Review: The Cabin at the End of the World by Paul Tremblay
By John ValeriJune 26, 2018
The Cabin at the End of the World by Paul Tremblay is a masterpiece of terror and psychological suspense that adds an inventive twist to the home invasion horror story.
Paul Tremblay is the Bram Stoker Award-winning author of the horror-suspense hybrid novel Head Full of Ghosts (2015) as well as last year’s Disappearance at Devil’s Rock; he also wrote the crime thrillers The Little Sleep and No Sleep Till Wonderland as well as the short story collection In the Mean Time. He has had essays and short fiction published in the Los Angeles Times, Entertainment Weekly online, and numerous year’s-best anthologies and is a member of the board of directors of the Shirley Jackson Awards. Tremblay earned a master’s degree in mathematics and teaches in the Boston area by day. His newest psychological thriller, The Cabin at the End of the World, presses a plethora of hot-button issues.
Readers first meet seven-year-old Wen, who is capturing grasshoppers on the front lawn of the cabin that her family—fathers Eric and Andrew—has rented for their summer vacation. Located on a remote New Hampshire lake, the property exists in peaceful seclusion; the closest neighbors are more than two miles away. Wen’s play is interrupted by the sound of footsteps on the driveway, which announce the arrival of an unexpected visitor. When she looks up, she finds herself sharing space with the largest man she’s ever seen. Despite having been warned against speaking to strangers, Wen ignores the subtle sense of unease that’s bloomed within her and allows the man, who introduces himself as Leonard, to initiate a conversation. Their tentative back and forth is broken when Leonard proffers a reassurance: “None of what’s going to happen is your fault.”
Meanwhile, adoptive parents Eric and Andrew—the former a market analyst, and the latter a college professor—have been sunbathing on the back deck that overlooks Lake Gaudet, one (Andrew) talking the other (Eric) down from the irrational yet inevitable fears that leave him wanting to infringe on Wren’s freedom; after all, nature-filled New England is a far cry from the tumult of the city (Boston). Their good-natured banter is broken, however, when Wren comes bursting through the door, crying and talking incoherently. When she is finally able to calm herself enough to enunciate, she vomits these words:
Come inside, now. Please come in. You have to. Hurry. There are people here and they want to come in and they want to talk to you and some of them scare me.
These people—the aforementioned Leonard, along with Redmond, Sabrina, and Adriane—initially try to talk their way into the cabin but to no avail; consequently, they systematically dismantle the safeguards Eric and Andrew have hastily put in place, invading the space with archaic-looking weapons all the while professing their intent to cause no harm. Strangers until just recently, they were brought together by inexplicable visions of doomsday—and they believe that only Eric, Andrew, and Wen can save the world from the apocalypse. But in order to do so, they must make a willing sacrifice. Otherwise, all of humankind will perish imminently.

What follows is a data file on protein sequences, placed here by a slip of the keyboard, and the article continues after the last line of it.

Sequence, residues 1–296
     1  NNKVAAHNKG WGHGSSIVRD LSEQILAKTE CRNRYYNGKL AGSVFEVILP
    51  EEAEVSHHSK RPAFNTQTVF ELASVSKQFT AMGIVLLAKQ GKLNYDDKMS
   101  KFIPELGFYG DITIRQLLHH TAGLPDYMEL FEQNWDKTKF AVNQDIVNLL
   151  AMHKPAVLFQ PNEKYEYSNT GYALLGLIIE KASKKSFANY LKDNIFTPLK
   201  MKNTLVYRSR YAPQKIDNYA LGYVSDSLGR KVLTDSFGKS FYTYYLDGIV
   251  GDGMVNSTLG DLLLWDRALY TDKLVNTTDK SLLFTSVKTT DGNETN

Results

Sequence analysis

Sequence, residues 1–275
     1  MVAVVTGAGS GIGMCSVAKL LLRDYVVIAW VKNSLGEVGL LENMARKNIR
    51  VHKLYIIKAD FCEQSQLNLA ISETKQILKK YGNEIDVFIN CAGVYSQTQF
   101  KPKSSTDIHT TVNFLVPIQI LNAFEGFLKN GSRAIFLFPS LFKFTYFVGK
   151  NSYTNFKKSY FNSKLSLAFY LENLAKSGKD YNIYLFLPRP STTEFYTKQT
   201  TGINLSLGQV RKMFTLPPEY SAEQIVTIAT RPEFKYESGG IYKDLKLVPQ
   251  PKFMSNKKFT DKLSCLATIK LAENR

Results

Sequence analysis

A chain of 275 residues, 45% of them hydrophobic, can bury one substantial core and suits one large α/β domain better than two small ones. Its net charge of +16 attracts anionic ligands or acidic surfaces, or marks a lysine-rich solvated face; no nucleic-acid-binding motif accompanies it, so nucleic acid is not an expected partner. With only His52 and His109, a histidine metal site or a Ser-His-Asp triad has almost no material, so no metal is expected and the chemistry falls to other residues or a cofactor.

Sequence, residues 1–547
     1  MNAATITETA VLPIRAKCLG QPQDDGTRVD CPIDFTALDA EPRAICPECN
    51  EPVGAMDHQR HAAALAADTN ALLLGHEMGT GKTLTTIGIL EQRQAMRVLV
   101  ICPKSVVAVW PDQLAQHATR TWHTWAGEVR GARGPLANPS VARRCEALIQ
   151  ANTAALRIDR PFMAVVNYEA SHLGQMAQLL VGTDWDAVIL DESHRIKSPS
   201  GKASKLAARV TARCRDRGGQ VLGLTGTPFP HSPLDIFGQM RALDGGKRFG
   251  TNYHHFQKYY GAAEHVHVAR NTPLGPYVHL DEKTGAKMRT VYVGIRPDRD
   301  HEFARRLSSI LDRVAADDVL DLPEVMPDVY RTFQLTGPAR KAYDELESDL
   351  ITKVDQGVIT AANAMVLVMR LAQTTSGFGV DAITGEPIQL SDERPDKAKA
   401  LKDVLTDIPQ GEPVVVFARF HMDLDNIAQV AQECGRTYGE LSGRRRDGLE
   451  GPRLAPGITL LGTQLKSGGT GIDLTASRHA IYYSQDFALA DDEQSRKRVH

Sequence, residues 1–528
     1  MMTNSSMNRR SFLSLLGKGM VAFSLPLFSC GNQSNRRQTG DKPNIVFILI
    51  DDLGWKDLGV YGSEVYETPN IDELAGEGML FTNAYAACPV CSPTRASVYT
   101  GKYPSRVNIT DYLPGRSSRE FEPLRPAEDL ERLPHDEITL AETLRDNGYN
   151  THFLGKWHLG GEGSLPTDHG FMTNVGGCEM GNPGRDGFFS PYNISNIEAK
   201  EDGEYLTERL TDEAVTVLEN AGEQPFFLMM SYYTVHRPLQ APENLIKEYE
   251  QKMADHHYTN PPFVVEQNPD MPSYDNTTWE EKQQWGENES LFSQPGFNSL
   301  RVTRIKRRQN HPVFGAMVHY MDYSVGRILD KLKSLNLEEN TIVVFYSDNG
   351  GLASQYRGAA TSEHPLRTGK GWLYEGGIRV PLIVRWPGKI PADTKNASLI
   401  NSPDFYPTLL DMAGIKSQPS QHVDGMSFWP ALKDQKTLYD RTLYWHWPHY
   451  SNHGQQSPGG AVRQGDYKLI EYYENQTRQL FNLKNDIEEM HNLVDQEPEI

It’s a terrifying prospect (and yet one that doesn’t seem entirely beyond the realm of possibility given the current world climate), though Eric and Andrew are understandably skeptical. How did this motley crew come to be, they wonder, and what makes them believe they are humanity’s unlikely saviors? Not surprisingly, the two steadfastly refuse to sacrifice one of their own—and the stronger their resolve, the more desperate and unpredictable Leonard and company become. As the television brings news of tsunamis, contagions, and other calamities sweeping across the world, Andrew argues foreknowledge and coincidence in an attempt to restore logic and lucidity. But it is increasingly apparent that their captors believe they are the chosen ones and that death is necessary to preserve life. There is a price, and it will be paid in blood.
One of the author’s greatest strengths is his ability to create a quiet but ever-growing sense of dread that eventually reaches a cacophonous crescendo. Such is the case here, as each character’s histories, motivations, strengths, and vulnerabilities are slowly revealed through chapters that alternate perspective; this has the effect of intensifying suspense while also heightening the emotional resonance. So, too, the continuous seesawing between hope and despair, faith and fury, and fight and (attempted) flight, as the emotional and physical distress mounts. Cumulatively, the author unfurls a scenario that is both every parent’s and child’s worst nightmare—and one that will quite possibly trigger readers’ deepest, darkest fears.
Paul Tremblay’s star has been steadily on the rise, and The Cabin at the End of the World will undoubtedly hasten that trajectory. Despite earlier dabbling in supernatural suspense, his focus here is largely on horrors of an all-too-human kind, and the results are both cerebral and chilling. Ultimately, the book serves as a reminder that there are things in this world beyond our control—and that may just be the scariest prospect of all.